Every so often we find an exciting new writer (or publisher) upon whom you should keep an eye and ask them a few questions.
Sophie Mayer is a poet and academic based in London; her new collection ‘The Private Parts of Girls’ is published by Salt this year. An introduction to Sophie can be found here – interviewed by Anna Kirk, this is the longer transcript of their conversation.
You are a commissioning editor of the queer literary journal Chroma. What do you think defines ‘queer poetry’ – is it purely that it is written by lesbian, gay, bisexual or transgender writers? Would you consider it to be a separate genre in itself, and a label that you would apply to your own work?
I’d like to say I have a swift soundbite answer worked out, but what’s interesting is that the question and definition change with the context. So if it’s asked at Gay’s the Word, it may be about defining a relation to a (hidden) tradition of queer writers, but in an academic context about semantics and critical theory (or vice versa).
I think there is such a thing as the queer community, which is both friendly and fractious, and it has points of connection with the poetry community: in some cases, a writer takes an active/activist or declarative position in both; in some cases, a writer might eschew one or either, but still write what a reader might call queer poetry, in that the way in which gender and desire are read through form as well as content is definitely or defiantly not straight.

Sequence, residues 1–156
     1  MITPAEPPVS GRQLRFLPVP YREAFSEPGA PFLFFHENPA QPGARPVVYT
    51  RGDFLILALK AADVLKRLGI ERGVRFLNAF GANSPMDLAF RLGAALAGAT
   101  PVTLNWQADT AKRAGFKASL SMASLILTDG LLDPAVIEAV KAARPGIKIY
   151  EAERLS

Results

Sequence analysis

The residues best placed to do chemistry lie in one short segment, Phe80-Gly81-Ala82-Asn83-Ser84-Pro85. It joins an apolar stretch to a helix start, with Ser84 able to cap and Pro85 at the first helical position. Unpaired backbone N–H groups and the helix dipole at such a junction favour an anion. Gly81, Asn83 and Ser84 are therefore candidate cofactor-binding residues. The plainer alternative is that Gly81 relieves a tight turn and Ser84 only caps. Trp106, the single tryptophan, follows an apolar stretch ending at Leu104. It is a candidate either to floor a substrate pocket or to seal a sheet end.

As for the straightness or queerness of poetry, it is equally fraught, but there is a conservative tradition in which epic and lyric are not only read as straight, but written to enforce compulsory heterosexuality. The blazon, in which the male poet strips and divides up the female muse, is a key example (and here is where feminism and queer theory cross wires and spark for me). The unitary white middle-class masculine pose of authority is ingrained in Western culture – and at the same time, it is challenged from the start of written poetry, whether in Sumeria or ancient Greece; challenged again even at the core of the tradition in Shakespeare’s queer sonnets with their sinuous blur of second-person address and theatrical role play across genders.
But how many people are taught the queerness of the lyric tradition at school? For me, the label ‘queer poetry’ is useful as a stance against the suppression of such subversive histories and presents. It might allow a reader emerging from such absences in their education to discover much-needed allies, much as I made a beeline for Women’s Press and Virago books as a teenager. It might give them a way of naming feelings for which they have been told to feel ashamed. At the same time, the label is provocative and political in claiming an allegiance to generations of writers whose work matters hugely to me, from Katharine Phillips to Chrystos. For all three of those reasons, I’m proud to be called/call myself a queer poet, and my poetry queer poetry (although I am always aware of the gap between the two, and of their unstable meaning).